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Vintage fender expert help request

kirkw

Member
Messages
345
I'll upload photos once I get to work.

How common is it to have George Fullerton and "special" handwritten in the neck pocket of a 67 fender?

I've seen the Leo stamp, this ain't that for sure.

So until the pics get uploaded tell me your knowledge of George putting his name in the neck pocket.

Kirk
 

Flogger59

Member
Messages
11,627
George was VP of production until 1970, so it is possible. i met him the year that the George Fullerton Strat was launched, forearms like Popeye and a grip of steel. Pretty good for a guy in his 80's.
 

kirkw

Member
Messages
345
As VP of production, his role would have been vast. I'm wondering how/why he found the time to either play or work on this guitar. And why "special".

Pics are uploading to photobucket as we speak!!
 

treeofpain

Gold Supporting Member
Messages
7,275
It's possible that it was an artist endorsee guitar and that George Fullerton was involved. Maybe he was with the artist when they picked out the body, and he wrote on it to keep it separated from regular production instruments.

If this is the case, it would be cool to know the artist who owned it.
 

kirkw

Member
Messages
345
It's such a cool guitar.
I've been a long time fan of casinos. But when taking this apart to clean/inspect it I found stuff that just blew me away.
The bridge is THICK, the feet on the bridge are metal, not ebony or rosewood, the tailpiece is heavy and stout!!

It was a 1 owner guitar, and he was a home player, never gigged it.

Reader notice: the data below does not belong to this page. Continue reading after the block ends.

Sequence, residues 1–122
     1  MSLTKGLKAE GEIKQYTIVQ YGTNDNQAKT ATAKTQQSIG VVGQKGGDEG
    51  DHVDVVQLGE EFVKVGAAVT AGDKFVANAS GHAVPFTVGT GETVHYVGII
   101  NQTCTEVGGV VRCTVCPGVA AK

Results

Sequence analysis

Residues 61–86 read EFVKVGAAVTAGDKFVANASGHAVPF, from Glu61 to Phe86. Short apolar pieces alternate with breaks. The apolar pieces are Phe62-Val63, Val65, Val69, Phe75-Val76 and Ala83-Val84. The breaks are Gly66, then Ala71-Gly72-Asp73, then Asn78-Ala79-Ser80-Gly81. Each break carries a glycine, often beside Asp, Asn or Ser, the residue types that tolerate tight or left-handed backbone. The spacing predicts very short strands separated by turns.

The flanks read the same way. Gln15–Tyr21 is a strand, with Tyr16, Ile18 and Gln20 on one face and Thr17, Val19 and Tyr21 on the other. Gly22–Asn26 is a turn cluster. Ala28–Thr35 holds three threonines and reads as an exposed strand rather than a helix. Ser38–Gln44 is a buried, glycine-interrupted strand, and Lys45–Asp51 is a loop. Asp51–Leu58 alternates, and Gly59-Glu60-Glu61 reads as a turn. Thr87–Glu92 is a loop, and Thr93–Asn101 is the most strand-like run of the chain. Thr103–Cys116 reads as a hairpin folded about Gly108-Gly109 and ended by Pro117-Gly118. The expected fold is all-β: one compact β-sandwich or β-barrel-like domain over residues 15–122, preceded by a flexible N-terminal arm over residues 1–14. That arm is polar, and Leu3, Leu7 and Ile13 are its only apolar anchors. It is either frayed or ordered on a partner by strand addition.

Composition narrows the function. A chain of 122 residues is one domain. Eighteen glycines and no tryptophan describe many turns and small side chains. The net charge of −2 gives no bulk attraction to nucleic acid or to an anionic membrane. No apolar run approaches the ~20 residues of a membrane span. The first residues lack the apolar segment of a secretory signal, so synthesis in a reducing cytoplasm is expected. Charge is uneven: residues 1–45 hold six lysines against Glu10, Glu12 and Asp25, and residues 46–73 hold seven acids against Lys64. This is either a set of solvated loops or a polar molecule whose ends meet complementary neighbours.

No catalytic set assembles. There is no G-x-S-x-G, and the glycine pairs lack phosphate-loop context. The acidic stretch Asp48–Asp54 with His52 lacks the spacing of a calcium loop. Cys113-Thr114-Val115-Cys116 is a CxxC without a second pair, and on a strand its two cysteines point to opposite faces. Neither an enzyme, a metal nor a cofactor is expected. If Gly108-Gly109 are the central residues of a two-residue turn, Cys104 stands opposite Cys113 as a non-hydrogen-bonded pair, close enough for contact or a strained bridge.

It's got neck wear and body checking but that's it!
 

Flogger59

Member
Messages
11,627
It's possible that it was an artist endorsee guitar and that George Fullerton was involved. Maybe he was with the artist when they picked out the body, and he wrote on it to keep it separated from regular production instruments.

If this is the case, it would be cool to know the artist who owned it.
It could have been a NAMM or other trade show instrument, too.
 

jimshine

Member
Messages
1,594
It could have been a NAMM or other trade show instrument, too.
I have seen Coronados (and other period Fenders) for NAMM and they are embossed with a "NAMM" stamp on the body and neck. There are also many that were to used as sales samples and artist gifts embossed with "Special" on the neck and sometimes the body.

My guess? George wanted a Coronado, either for himself or to give away and selected the body he wanted. Unlike a standard finish, being natural one would tend to be a little picky about the grain and look of a particular piece of wood.
 






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